I'm currently reading Be Brave, Be Strong: A Journey Across the Great Divide by Jill Homer. It's about her "record-breaking ride in the 2009 Tour Divide." At one point, she writes about riding in the mountains, and the sentiment is so beautifully expressed that...well, I hope that if she ever sees this, she won't object to having been quoted at length.
"...the injuries and the heat, the logistics and the repairs, the hunger and the fatigue, the distress about not having enough companionship and then having too much. These problems were all human failings, the outside world creeping in. Firmly locked in cruise control, I only needed to understand the fine mechanics of pedaling my bike. I pedaled my bike, and everything else fell into place, had purpose, and made sense."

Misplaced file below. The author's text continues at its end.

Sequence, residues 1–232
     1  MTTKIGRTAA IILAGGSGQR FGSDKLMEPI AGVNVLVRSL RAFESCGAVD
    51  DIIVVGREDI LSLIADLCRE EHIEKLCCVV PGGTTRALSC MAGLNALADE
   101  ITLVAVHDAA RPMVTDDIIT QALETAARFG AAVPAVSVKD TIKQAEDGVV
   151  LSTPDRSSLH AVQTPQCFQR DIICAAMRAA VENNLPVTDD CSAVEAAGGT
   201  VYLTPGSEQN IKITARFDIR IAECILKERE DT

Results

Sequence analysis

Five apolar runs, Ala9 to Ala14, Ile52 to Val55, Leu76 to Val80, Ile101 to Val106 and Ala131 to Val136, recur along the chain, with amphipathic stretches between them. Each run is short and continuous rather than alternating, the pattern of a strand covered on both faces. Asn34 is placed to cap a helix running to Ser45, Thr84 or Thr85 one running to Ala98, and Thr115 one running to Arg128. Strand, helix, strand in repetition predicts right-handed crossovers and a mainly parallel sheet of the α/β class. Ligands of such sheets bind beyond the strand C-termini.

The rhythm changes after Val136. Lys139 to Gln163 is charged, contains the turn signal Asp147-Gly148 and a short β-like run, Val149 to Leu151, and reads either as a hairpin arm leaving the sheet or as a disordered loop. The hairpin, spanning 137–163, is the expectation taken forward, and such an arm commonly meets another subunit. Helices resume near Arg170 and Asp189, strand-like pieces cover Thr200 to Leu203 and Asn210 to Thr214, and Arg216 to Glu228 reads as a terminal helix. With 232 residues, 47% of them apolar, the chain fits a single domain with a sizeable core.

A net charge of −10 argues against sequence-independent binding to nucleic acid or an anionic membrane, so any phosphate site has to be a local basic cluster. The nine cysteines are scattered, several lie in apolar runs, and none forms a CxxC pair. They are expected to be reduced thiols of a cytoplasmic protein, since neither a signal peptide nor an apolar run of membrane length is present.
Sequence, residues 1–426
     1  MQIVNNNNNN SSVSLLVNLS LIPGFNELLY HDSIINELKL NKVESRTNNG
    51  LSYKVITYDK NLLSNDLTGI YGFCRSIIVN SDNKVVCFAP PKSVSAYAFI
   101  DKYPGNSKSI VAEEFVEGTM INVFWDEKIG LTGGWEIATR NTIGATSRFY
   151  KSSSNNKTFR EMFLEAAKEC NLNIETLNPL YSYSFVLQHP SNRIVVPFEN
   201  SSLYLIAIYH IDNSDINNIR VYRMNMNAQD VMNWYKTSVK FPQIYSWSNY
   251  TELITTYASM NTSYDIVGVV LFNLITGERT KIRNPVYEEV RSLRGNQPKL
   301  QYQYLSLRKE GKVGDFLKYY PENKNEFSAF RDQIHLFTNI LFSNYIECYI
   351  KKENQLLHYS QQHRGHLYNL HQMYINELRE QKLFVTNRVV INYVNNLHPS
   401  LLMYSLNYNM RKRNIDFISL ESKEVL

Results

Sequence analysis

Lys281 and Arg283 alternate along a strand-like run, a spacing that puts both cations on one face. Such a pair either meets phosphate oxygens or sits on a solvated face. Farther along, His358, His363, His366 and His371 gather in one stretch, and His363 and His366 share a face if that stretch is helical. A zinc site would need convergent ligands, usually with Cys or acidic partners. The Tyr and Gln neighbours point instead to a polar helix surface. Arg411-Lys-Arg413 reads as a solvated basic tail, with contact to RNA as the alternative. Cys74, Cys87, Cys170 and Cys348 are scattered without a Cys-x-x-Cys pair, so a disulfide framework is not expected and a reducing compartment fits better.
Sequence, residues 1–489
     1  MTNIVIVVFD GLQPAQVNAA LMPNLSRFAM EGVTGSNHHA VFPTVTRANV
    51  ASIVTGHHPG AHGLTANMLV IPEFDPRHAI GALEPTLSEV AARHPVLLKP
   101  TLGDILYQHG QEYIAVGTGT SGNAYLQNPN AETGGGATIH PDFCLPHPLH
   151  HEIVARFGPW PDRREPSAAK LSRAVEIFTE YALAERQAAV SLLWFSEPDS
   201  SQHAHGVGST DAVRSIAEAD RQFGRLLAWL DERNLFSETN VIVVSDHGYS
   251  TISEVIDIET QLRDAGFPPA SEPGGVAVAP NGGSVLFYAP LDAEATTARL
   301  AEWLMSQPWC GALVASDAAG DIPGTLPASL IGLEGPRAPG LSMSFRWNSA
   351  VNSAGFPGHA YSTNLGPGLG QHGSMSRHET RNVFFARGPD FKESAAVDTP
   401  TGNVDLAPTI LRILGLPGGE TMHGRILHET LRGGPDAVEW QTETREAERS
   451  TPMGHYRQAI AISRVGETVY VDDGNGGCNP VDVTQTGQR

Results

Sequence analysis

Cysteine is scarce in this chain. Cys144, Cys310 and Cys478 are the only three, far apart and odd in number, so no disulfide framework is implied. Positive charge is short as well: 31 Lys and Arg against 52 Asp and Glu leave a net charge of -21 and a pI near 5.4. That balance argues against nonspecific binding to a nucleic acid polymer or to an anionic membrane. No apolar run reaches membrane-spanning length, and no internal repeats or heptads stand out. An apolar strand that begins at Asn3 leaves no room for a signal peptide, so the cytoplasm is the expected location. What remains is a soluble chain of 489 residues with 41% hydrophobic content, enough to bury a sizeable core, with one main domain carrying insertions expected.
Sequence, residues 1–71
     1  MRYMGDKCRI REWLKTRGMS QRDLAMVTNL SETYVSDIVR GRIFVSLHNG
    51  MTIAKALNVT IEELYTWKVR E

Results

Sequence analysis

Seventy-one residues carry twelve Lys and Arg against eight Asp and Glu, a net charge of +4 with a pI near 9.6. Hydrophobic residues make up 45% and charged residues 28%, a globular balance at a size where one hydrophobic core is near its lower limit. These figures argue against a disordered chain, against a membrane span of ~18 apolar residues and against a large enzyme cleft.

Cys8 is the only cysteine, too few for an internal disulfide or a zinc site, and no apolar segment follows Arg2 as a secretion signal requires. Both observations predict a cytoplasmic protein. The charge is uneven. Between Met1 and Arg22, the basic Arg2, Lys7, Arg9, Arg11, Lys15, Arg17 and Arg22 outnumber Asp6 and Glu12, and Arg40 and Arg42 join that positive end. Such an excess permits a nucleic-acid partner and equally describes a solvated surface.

That's a viewpoint, and a beautiful one. I don't know that that's my viewpoint, but I have felt that way some times. I believe that many people get this feeling. Some would say that those people are obsessed with riding, but I would disagree. I think that for them, riding is just a natural part of their lives.
My viewpoint is largely this: I get on my bike. I ride until I'm some miles from home, and then I feel I should turn back. But I don't want to. I want to keep going. And going. And end up some place I've never been.